composition

Winter Solace

for Soprano and Piano

  • Genre
    Vocal
  • Commissioned by/written for
    Dennis and Holly Schell
  • Year completed
    2001
  • Year revised
  • Timing
    10:00
  • Catalog number
    174
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  • copies sold
  • 4
    known performances
  • General notes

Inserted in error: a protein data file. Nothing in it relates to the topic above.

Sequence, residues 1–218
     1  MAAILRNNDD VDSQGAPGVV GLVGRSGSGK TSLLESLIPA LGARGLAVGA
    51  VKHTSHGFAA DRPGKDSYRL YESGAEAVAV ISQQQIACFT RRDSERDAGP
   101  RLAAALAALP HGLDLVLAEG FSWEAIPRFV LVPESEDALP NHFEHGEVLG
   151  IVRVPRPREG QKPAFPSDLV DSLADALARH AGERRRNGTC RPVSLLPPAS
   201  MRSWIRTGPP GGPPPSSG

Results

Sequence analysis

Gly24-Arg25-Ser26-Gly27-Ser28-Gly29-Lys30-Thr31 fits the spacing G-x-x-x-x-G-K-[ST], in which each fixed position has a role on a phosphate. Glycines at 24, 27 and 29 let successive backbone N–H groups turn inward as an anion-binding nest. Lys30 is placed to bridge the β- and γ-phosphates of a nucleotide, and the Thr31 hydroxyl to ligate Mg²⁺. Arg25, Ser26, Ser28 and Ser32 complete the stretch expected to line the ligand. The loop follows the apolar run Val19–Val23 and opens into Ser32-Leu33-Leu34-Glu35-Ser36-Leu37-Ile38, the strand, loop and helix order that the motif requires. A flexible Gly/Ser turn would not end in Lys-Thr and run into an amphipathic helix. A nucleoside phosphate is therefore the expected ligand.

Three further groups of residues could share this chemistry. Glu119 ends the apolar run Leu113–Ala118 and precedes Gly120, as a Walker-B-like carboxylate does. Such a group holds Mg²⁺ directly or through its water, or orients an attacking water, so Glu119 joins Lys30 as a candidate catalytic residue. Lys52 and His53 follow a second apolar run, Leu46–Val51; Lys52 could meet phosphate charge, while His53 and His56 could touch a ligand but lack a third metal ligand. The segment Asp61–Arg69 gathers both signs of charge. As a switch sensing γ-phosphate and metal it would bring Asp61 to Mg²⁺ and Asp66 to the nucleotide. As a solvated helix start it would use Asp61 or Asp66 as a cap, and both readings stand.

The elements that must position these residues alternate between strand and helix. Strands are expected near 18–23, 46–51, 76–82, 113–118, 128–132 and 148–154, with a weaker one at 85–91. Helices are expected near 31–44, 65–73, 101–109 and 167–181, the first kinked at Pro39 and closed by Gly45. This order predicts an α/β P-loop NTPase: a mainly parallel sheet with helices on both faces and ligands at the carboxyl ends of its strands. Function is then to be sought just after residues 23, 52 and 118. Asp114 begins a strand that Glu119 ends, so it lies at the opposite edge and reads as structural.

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Winter Solace is a Song Cycle I wrote in memory of the three children of Dennis and Holly Schell. All three of them died at a young age from a Leukodystrophy, a rare genetic disorder, leaving their parents childless. As Christians, though, they look forward to being reuinted with their children in eternity. This cycle sets poems by five poets. The first three are favorite poems of the Schells, who found them to be of comfort during the trying ordeal of having three chilrden, each of whom had a death sentence hanging over him or her from birth (their longest-lived child, Jamison, lived only to the age of 12). The fourth poem was commissioned by me from my niece, Rebekah Howell Bambenek, and I myself added the final poem to close the cycle, something I first did in my choral cycle, Spring Reveries, of which the present work can be considered some kind of companion piece. The first poem, Out in the Fields with God, by Louise Imogen Guiney, describes a person who casts the small everyday cares away, aware of the bigger picture of God as the Sovereign over the universe. Following is Emily Brontë's Stanzas, which deals with a person facing the realization of the inevitability of death of a loved one, and longing to join that person in eternal rest. Hind's Feet on High Places by Hannah Hurnard compares the faith of a believer with the security of following the four-legged hart on treacherous mountain surfaces. Rebecca Bambenek's Winter Agony: Justice Divided examines the anger that even the most devout Christian sometimes experiences towards God, and ultimately a plea from the person so tormented for life itself. In my closing The Death of the First-Born, I attempted to bring the cycle full-circle through the tormened individual of the fourth poem coming to the point of realization that peace and solace can only come from letting go of one's own thoughts and desires and subordinating them to the divine will of the supreme Creator of the universe. The very title of this song looks the the heavenly Father having given the believer hope by his prior giving up of his beloved Son for the atonement of the sins who would place their trust in him, a conviction most precious to both the Schells and me myself.

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